Not every amplifier is perfect. Sadly, many of today's very expensive tube Hi-Fi amps would fail this test badly (while most cheap solid-state amps would pass it.) And if the tube-amp does pass Walker's test, it will sound exactly like the solid-state amp: there will be no "tube sound", because the amp is audibly flawless, and a flawless amp has no sound of its own.

So here we are, sixty years on, we have worse amps than the ones Peter Walker was building in the '50s and '60s, and people are paying far more for them. That's what happens when designers and consumers ignore science, and turn to superstition instead.

So now you can buy an overpriced, poor-quality tube amplifier, then scatter amazing magic-unicorn-pixie-dust Mpingo Discs around the room to make the sound better than perfect: The Magic of Mpingo . Who needs science when you can have magic instead?


-Gnobuddy
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Old 21st September 2019, 08:29 PM   #66
tschrama is offline tschrama  Netherlands
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Quote:
Originally Posted by Gnobuddy View Post
We've had numerous op-amps mentioned here, and I thought it might be a good idea to do some actual noise calculations. <snip>
nobody plays metal with their volume knob halve way. Typical Gibson humbuckers have about 8K real impedance, so you can expect about 10nV noise density.

Shorting the 10k input resistor might lower the noise about 3dB.. nothing you can do beyond that, except practice on guitar pick atack, and uae a noise gate.
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Old 21st September 2019, 08:48 PM   #67
voltwide is offline voltwide  Ireland
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Quote:
Originally Posted by tschrama View Post
nobody plays metal with their volume knob halve way. Typical Gibson humbuckers have about 8K real impedance, so you can expect about 10nV noise density.
Do not mistake DC resistance with real part of humbucker impedance. It is not 10kOhm. If you measure an impedance peak of 500kOhm at resonance, 500kOhm is your real part.
Without that impedance would be infinite. .
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Old 21st September 2019, 08:59 PM   #68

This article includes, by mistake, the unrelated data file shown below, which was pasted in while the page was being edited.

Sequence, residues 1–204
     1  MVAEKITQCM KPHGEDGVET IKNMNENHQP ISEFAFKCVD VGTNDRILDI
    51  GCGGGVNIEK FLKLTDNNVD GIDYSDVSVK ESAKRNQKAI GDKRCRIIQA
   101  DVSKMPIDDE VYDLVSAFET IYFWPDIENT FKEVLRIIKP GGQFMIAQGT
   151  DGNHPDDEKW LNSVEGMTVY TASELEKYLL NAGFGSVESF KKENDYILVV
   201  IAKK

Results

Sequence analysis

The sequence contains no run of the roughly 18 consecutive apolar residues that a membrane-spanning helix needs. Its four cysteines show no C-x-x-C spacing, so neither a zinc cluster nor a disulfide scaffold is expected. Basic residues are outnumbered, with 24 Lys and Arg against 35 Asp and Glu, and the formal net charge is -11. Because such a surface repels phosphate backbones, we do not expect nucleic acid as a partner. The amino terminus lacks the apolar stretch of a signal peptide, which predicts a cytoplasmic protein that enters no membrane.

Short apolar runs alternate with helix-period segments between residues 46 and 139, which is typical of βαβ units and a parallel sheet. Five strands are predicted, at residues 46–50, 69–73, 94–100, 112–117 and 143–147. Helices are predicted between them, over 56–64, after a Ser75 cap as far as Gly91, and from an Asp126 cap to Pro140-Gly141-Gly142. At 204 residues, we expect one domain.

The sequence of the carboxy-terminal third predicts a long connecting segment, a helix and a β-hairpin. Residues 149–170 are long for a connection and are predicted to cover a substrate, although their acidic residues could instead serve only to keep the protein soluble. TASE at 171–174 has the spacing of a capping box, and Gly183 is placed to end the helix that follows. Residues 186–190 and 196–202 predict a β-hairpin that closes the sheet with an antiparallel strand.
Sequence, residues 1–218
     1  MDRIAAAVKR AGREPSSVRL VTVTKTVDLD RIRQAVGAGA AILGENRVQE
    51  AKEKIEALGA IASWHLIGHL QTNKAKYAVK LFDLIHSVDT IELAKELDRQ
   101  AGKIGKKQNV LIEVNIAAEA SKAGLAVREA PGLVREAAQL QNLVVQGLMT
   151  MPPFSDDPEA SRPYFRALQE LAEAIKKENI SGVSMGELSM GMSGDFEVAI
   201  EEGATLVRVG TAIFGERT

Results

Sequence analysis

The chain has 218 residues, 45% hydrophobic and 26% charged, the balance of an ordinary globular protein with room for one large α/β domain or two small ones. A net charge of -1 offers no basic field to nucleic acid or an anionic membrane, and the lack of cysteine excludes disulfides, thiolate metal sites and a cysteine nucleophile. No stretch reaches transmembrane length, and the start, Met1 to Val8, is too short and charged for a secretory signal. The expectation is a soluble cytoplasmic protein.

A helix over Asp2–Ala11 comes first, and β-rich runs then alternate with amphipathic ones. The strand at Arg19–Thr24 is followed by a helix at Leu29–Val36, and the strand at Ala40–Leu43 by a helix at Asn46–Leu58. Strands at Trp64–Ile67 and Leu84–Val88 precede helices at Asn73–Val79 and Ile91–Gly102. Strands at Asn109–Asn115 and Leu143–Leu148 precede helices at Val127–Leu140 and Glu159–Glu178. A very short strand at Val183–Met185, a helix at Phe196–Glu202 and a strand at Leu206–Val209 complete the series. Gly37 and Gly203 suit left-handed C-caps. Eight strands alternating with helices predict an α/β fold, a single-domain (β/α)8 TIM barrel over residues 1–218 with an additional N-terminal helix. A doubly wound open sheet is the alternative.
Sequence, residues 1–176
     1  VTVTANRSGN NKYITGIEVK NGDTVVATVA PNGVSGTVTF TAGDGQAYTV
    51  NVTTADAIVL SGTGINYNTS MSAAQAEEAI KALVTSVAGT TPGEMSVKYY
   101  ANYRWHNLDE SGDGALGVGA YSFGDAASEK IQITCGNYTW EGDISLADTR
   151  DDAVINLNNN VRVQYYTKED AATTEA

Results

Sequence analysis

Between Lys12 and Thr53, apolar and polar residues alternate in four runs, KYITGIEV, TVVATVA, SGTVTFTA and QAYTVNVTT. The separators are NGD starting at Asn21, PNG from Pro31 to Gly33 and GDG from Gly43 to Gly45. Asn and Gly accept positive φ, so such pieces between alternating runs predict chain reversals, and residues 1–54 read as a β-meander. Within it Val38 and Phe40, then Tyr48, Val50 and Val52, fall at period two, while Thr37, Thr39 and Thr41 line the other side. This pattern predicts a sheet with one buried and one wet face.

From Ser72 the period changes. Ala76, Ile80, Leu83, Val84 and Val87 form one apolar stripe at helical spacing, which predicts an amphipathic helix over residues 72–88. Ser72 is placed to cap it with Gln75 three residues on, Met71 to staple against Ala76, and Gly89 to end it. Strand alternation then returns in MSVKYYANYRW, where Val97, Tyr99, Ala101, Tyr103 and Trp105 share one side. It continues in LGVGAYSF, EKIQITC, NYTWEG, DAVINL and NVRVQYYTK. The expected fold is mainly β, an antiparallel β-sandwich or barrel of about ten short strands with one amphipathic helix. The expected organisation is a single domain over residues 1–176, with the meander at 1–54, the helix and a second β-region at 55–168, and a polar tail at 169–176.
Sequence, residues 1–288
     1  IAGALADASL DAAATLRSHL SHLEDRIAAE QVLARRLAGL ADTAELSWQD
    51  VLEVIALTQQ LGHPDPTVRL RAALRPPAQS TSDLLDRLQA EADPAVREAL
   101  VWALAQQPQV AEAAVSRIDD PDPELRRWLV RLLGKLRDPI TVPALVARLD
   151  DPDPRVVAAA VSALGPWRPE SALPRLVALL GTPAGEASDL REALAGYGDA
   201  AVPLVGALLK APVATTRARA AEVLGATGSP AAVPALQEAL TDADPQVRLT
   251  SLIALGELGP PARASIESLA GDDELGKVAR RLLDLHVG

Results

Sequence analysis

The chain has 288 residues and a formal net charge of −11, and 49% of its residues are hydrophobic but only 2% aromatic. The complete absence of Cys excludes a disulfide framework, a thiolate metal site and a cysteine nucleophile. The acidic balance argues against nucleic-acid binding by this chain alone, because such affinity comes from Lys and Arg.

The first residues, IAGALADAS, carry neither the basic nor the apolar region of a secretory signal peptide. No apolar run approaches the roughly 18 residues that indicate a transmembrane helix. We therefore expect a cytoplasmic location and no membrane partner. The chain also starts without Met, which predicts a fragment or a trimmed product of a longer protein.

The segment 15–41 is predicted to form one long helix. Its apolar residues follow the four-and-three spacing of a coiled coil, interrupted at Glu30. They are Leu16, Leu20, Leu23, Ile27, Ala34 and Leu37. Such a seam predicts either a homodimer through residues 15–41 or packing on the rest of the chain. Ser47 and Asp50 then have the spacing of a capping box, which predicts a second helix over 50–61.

tschrama is offline tschrama  Netherlands
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Quote:
Originally Posted by voltwide View Post
Do not mistake DC resistance with real part of humbucker impedance. It is not 10kOhm. If you measure an impedance peak of 500kOhm at resonance, 500kOhm is your real part.
Without that impedance would be infinite. .
The inductive part doesnt cause thermal noise.
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Old 21st September 2019, 09:33 PM   #69
Gnobuddy is offline Gnobuddy  Canada
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Quote:
Originally Posted by tschrama View Post
nobody plays metal with their volume knob halve way.
Remember, half-resistance is not half-way down on the volume knob - we're talking about a logarithmic pot.

The typical "10% taper" log pot has one-tenth resistance at half rotation. Half-resistance occurs at about 85% rotation, or less than one-sixth of the way down from maximum. (See attached LTSpice simulation of one linear and one log pot.)

ITPhoenix - who started this thread - said in one of his posts here that he uses his guitar volume control when playing metal, in order to create playing dynamics. (I think that means he plays a less extreme form of metal.)

-Gnobuddy

Quote:
Originally Posted by tschrama View Post
The inductive part doesnt cause thermal noise.
Which is why I quoted a typical range of DC resistance, and didn't quote reactive impedance.

Some pickups designed for metal are heavily overwound compared to classic Gibson humbuckers from the 1950s - I've seen 18k humbuckers advertised by well-known aftermarket pickup manufacturers, and some of the cheap pickups from China are also in this resistance range.

Pickups like this have a very dull sound when plugged into a clean guitar amp, but that's not their intended usage.

-Gnobuddy
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File Type: gif Log_Pot_Curve.gif (38.6 KB, 68 views)
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Old 21st September 2019, 09:43 PM   #70
voltwide is offline voltwide  Ireland
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Quote:
Originally Posted by tschrama View Post
The inductive part doesnt cause thermal noise.
Certainly.